Additional tax means additional cost to consumers. In the marginalized community where income is low, a cost increase is harmful. If the community is dependent on those products and services –signalled by relatively inelastic demand and high consumption rate-, then the harmful effect will be magnified. The government often tries to keep the cheap price as the products and services are of basic needs such as fuel (gasoline, kerosene, and gas), water, electricity, and food. To some extent, price increase can cause social distress and political instability and then it increases social costs. Again, there is possibility that environmental taxes are harmful to the net welfare. Of course, the effect of price increase can be compensated by returning taxes to the community through subsidies. However, we have to bear in mind that different goods have different utility functions. Thus the compensation may not always be able to replace the cost.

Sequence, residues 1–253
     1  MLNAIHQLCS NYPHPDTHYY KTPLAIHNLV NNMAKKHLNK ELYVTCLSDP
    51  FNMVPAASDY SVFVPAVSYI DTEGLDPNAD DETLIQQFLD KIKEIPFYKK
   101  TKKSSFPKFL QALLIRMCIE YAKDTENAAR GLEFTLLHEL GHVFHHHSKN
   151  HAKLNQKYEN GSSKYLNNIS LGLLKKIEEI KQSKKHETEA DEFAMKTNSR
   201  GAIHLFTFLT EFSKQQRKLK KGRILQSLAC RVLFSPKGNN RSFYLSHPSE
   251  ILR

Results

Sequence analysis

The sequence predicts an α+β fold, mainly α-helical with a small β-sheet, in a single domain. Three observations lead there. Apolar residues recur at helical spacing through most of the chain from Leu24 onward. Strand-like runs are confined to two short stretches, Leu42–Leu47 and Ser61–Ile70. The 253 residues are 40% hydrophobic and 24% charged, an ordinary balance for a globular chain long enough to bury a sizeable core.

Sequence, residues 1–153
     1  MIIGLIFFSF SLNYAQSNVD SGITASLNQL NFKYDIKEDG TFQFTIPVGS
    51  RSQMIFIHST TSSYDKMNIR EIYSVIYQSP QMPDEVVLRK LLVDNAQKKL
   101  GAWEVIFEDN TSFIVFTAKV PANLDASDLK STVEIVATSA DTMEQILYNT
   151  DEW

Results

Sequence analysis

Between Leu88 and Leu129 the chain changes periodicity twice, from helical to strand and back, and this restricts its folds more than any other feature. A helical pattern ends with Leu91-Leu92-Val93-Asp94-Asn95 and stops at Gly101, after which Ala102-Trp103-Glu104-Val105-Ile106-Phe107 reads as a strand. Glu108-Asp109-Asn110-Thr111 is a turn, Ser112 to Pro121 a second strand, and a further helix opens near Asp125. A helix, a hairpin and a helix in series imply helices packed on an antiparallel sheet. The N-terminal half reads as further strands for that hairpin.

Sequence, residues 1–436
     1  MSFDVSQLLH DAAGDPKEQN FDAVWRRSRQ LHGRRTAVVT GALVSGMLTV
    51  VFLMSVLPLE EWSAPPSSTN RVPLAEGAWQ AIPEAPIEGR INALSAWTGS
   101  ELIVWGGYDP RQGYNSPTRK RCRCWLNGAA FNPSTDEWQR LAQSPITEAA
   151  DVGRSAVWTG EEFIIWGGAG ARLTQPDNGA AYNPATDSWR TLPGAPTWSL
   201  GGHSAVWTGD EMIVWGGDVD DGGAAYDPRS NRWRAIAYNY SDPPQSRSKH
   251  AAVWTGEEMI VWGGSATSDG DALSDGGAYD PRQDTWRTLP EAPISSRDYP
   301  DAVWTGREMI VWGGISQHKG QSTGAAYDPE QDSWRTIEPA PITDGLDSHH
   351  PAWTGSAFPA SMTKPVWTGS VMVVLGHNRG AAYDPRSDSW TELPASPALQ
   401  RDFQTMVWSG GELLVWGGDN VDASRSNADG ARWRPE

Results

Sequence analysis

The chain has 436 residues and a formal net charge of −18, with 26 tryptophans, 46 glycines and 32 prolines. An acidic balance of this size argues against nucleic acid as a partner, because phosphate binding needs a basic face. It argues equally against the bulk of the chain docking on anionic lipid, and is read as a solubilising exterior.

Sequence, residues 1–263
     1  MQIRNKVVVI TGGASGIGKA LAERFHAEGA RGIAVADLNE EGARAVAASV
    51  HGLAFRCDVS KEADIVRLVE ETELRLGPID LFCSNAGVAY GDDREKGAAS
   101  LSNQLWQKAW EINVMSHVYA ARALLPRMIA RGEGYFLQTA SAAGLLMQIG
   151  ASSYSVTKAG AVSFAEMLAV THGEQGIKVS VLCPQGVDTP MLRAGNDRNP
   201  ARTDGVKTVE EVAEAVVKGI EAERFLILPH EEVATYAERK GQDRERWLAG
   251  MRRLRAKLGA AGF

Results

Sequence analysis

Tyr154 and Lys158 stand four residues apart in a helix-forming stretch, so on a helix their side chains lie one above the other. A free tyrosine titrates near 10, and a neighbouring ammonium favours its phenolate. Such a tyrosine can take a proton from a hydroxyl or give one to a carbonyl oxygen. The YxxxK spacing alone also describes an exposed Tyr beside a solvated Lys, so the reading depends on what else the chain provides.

Imposing environmental taxes can lowered the national competitiveness especially in the region where there is not standardized environmental policies among countries. Environmental taxes are hurting both the country and the company. It hurts the country as tax decrease the country’s investment attractiveness compare to other countries that are not imposing that tax. It can even –to some extent- induce company relocation. Instead of giving “double dividend”, environmental taxes can lower employment in that country. Environmental taxes hurt the company as it increase product price and make it less competitive in international or regional markets. In my opinion, when this kind of taxes is going to be imposed, then it should be imposed and standardized in the closely related geographical region and trade partners such as in EU and NAFTA agreement.